The markets, along with exchange traded funds (ETFs), have seen a dramatic uptrend since the March 9 low. So much so that rumors of a correction refuse to completely go away. But is it really going to happen?
The U.S. stock market is poised for another double-digit advance, but many analysts think recent trends are signaling a major market correction, writes Kate Gibson for MarketWatch. David Kelly, Chief Market Strategist at J.P. Morgan Funds, points to back-to-back negatives for equities and disappointing reports on durable goods and home sales as indicators for a possible beginnings of a correction.
Trends show that financials and more economically sensitive sectors are being dumped for more defensive sectors, revealing movement from outperforming to underperforming areas, says Paul Nolte, director of investments at Hindsdale Associates.
Don’t forget: in 2003, we witnessed a similar situation. The market began to recover, and many held firm to the belief that a correction was around the corner. This correction never materialized, and the markets continued more or less on an uptrend until the recession started in 2007.
Is the market a “coiled spring” or an opportunity you could be missing? Since the market low, a number of ETFs have surged 70%, 100% or even nearly 150%.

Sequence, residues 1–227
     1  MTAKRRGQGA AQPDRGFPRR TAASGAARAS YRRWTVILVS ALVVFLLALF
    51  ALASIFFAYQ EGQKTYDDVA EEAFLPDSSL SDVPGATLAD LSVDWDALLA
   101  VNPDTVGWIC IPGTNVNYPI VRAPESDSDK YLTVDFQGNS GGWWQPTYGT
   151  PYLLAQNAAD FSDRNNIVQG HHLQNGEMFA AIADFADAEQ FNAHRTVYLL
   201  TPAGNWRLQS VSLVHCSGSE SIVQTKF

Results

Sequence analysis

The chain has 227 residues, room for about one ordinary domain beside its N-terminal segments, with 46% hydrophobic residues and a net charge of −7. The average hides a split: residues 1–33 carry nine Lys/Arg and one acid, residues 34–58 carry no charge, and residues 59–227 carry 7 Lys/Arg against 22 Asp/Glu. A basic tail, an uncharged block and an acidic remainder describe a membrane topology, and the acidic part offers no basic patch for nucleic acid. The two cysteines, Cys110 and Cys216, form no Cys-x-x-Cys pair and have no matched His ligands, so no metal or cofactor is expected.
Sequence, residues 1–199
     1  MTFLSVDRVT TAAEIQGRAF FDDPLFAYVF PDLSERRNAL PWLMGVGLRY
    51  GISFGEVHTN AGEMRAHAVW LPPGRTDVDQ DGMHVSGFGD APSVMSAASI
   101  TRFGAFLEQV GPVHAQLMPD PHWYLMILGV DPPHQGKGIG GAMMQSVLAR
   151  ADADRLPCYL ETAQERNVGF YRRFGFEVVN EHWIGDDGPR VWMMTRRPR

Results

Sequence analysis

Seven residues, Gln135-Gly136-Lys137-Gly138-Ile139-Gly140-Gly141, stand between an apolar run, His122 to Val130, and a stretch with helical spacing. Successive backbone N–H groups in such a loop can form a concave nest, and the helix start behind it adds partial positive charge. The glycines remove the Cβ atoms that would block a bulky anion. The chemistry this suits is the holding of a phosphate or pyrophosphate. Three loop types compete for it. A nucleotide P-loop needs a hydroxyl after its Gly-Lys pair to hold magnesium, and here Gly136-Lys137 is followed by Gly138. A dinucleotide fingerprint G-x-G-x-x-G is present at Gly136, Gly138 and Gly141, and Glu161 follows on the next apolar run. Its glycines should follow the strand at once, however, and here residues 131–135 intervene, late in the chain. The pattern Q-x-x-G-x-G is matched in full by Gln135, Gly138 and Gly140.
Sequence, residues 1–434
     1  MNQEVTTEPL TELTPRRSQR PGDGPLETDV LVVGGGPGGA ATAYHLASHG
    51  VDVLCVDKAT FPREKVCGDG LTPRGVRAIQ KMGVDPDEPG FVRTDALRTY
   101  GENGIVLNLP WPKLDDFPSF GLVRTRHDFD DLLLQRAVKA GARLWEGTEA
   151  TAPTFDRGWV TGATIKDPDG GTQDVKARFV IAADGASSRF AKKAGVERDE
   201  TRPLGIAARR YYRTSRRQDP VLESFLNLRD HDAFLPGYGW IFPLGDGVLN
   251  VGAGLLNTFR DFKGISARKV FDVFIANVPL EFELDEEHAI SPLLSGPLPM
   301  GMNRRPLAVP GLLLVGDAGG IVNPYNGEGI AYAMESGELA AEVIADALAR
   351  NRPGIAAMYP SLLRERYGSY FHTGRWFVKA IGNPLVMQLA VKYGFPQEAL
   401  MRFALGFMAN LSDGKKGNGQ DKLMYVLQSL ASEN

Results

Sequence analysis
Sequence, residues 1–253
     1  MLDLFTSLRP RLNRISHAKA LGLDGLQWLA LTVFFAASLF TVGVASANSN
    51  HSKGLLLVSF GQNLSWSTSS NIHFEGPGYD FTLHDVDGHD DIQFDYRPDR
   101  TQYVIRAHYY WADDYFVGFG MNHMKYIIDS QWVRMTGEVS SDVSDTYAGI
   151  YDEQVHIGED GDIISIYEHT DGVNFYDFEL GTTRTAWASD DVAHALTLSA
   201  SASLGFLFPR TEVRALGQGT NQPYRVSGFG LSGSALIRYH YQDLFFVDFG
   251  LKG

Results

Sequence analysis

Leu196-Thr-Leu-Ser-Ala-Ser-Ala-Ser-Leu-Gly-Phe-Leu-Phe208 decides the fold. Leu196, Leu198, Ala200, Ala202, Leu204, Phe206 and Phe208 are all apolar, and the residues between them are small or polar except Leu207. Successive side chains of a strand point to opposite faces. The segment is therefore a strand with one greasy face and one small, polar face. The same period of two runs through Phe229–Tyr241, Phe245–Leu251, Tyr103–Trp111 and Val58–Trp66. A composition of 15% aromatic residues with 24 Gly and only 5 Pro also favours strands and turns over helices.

Whatever you think could ultimately happen, to sit out and ignore the current rally is to miss a chance for gains, as well as a chance to make up what was lost in your portfolio. Investors hiding in the safety of money market funds aren’t making anything from those minuscule yields. But have a strategy when you enter, and stick to it. If a correction does come to pass, a stop-loss will help protect you on the downside.
The markets have been steadily improving for much of this year, and all signs say that while the recovery may be a long, slow one, it will still be a recovery. Why?
- There’s $4 trillion on the sidelines, and as that money trickles back in, the rally should continue
- Earnings season is just around the corner, and while many corporate forecasts are on the cautious side, their actual numbers could be better than expected
- Federal Reserve Chairman Ben Bernanke has said the recession is “very likely over,” and the Federal Reserve is also keeping interest rates at record lows for now in order to continue the pace of the recovery
Deeply-held beliefs about the basics of stock and bond markets have been shattered, leaving many on a quest for explanation, remarks Roben Farzed for BusinessWeek. One such belief was that stocks would perform better than bonds over long term.